HD is a dominantly-inherited disease with CAG expansion in the huntingtin (htt) gene and expanded polyglutamine (polyQ) tracts in the htt protein causing striatal and cortical degeneration (Walker, 2007). While HD is inherited, this disease shows a great deal of phenotypic variability and has become a subject of intense research to understand neurodegenerative disease biology due to genetic tractability, large number of models across species, shared disease mechanisms between HD and other neurodegenerative diseases (Zuccato et al., 2010) and availability of well-characterized cohorts of HD subjects (Orth et al., 2011). Among the many genes that could be targeted in HD (Zuccato et al., 2010), those genes which belong to stress response networks are of high interest as they regulate survival mechanisms that may be central to diseased-neuron resistance. Stress response networks encompass a large number of pathways that have been interrogated in genome-wide studies. Most particularly, transcriptomic data have been generated from (1) the striatum of several murine models of HD such as N-terminal htt transgenic mice R6/2 (at 6 and 12 weeks) and D9-N171-98Q (a.k.a. DE5; at 14 months) (Kuhn et al., 2007; Thomas et al., 2011), full length htt transgenic mice YAC128 (at 12 and 24 months) and knock-in mice CHL2 (at 22 months) and HdH(Q92/Q92) (at 18 months) and (2) caudate nucleus and BA4/BA9 cortex from post-mortem HD brains (Hodges et al., 2006), blood samples from pre-symptomatic and symptomatic HD carriers (Borovecki et al., 2005) and HD induced pluripotent stem (iPS) cells that were differentiated into neural stem cell (NSC) lines and that expressed 60 or 180 CAG repeats (2012). This represents a total of 14 HD contexts (seven murine and seven human contexts), all of them assessed on Affymetrix platforms. It is important to note that these 14 HD-related studies are heterogeneous in terms of htt gene species, genetic background, cellular/tissular context and pathological stage (Table S1). Additionally, there might be some level of cross-studies variability. Nonetheless, these data provide a case example to illustrate how the status and properties of FOXO-interaction networks might be explored in HD in the context of heterogeneous datasets.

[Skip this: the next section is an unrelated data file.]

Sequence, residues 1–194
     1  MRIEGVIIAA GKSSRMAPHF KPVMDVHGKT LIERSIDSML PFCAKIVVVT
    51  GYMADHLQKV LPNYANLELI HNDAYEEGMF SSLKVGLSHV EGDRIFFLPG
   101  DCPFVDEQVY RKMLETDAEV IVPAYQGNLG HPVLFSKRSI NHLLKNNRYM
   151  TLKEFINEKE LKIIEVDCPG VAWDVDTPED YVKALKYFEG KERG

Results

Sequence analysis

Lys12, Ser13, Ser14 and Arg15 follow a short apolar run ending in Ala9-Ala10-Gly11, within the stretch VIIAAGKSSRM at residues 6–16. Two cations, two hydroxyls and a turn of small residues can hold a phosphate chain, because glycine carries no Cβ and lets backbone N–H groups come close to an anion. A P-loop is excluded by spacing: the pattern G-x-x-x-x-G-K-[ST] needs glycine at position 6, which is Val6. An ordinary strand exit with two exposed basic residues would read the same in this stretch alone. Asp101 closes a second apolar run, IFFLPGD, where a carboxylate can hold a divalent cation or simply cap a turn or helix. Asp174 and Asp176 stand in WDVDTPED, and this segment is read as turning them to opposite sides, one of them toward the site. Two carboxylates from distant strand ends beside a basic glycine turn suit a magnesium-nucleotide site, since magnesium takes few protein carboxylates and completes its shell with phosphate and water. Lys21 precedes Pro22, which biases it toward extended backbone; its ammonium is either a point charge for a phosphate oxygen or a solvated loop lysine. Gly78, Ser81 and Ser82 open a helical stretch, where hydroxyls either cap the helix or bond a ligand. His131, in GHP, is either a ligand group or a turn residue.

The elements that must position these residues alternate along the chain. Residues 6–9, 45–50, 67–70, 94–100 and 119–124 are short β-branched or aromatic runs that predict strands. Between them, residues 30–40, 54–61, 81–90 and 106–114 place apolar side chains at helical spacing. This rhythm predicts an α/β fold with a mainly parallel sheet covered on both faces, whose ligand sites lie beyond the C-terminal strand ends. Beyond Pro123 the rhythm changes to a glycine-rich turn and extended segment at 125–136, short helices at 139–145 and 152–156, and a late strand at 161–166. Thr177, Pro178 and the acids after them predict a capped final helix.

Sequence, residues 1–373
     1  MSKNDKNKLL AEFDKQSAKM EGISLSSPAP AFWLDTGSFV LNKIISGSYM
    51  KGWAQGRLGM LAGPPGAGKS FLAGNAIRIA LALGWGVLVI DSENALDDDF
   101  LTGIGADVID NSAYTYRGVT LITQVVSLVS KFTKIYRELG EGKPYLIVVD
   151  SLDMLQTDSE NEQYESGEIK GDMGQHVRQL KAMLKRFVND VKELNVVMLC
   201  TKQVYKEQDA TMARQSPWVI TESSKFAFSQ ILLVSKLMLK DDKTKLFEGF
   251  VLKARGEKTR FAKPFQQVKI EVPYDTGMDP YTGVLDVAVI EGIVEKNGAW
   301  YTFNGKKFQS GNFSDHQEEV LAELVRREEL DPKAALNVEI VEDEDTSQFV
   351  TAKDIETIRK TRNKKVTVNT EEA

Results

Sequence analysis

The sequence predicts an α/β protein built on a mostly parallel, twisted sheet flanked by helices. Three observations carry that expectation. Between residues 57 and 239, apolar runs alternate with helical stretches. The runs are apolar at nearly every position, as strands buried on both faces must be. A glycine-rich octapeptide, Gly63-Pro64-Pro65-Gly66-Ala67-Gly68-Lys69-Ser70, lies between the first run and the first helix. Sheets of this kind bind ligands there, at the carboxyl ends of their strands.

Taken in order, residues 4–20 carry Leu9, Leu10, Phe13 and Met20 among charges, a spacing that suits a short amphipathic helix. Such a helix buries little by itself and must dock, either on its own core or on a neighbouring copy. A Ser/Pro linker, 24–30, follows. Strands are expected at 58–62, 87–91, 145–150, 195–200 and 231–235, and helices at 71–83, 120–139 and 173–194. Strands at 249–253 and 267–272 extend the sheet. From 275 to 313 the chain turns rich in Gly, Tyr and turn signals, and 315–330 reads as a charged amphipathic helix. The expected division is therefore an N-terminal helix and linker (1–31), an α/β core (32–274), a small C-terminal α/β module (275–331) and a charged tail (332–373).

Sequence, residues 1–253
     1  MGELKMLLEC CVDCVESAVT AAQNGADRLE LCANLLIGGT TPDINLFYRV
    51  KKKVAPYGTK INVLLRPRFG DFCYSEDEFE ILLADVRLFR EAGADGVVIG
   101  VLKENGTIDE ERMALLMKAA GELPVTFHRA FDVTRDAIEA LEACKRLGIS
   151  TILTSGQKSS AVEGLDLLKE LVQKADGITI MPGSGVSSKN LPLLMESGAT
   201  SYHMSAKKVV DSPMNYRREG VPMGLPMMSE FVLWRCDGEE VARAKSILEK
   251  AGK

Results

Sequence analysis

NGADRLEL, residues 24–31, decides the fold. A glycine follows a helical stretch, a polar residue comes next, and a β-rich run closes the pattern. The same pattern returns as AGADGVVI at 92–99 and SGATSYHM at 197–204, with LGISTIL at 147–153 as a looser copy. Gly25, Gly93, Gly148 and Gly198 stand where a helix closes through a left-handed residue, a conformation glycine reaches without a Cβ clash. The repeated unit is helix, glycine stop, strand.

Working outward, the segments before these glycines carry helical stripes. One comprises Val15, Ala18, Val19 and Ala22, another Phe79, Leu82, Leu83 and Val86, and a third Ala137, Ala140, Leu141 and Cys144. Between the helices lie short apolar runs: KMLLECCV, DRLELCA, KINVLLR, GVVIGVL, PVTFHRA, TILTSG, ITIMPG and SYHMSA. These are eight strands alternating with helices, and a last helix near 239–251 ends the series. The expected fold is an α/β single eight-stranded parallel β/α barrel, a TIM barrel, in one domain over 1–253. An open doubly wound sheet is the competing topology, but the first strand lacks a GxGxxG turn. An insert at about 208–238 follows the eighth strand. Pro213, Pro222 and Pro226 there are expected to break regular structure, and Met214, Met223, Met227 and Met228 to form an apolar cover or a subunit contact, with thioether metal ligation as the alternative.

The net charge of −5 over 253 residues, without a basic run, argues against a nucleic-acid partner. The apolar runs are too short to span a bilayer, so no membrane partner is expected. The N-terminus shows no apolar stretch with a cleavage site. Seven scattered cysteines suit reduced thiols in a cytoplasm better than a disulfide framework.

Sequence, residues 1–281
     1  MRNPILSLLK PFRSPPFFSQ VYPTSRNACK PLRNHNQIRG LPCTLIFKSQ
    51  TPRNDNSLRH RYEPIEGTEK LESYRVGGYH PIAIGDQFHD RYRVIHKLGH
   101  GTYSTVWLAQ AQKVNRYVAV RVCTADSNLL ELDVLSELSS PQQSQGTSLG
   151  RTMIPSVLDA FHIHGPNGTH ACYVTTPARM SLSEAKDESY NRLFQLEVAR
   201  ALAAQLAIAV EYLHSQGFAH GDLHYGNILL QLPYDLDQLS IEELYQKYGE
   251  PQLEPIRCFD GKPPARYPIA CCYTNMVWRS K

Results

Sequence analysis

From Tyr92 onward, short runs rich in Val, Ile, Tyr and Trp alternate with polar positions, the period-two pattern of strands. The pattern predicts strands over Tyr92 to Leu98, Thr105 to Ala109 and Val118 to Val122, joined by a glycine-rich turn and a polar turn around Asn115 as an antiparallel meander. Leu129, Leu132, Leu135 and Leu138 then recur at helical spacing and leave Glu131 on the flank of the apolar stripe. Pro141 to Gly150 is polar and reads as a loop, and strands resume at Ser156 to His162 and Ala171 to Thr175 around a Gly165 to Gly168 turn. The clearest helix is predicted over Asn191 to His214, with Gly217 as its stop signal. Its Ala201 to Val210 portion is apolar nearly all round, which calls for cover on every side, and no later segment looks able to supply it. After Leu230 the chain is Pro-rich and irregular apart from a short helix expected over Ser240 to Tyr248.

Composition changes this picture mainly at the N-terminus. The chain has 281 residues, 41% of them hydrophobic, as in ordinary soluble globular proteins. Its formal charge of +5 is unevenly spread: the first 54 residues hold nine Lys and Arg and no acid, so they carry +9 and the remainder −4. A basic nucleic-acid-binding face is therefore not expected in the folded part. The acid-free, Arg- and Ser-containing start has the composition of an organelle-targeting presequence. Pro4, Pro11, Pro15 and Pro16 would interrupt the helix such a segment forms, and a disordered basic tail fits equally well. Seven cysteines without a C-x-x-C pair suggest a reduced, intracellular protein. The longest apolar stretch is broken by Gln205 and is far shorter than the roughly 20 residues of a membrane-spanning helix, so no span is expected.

FOXO-Interaction Networks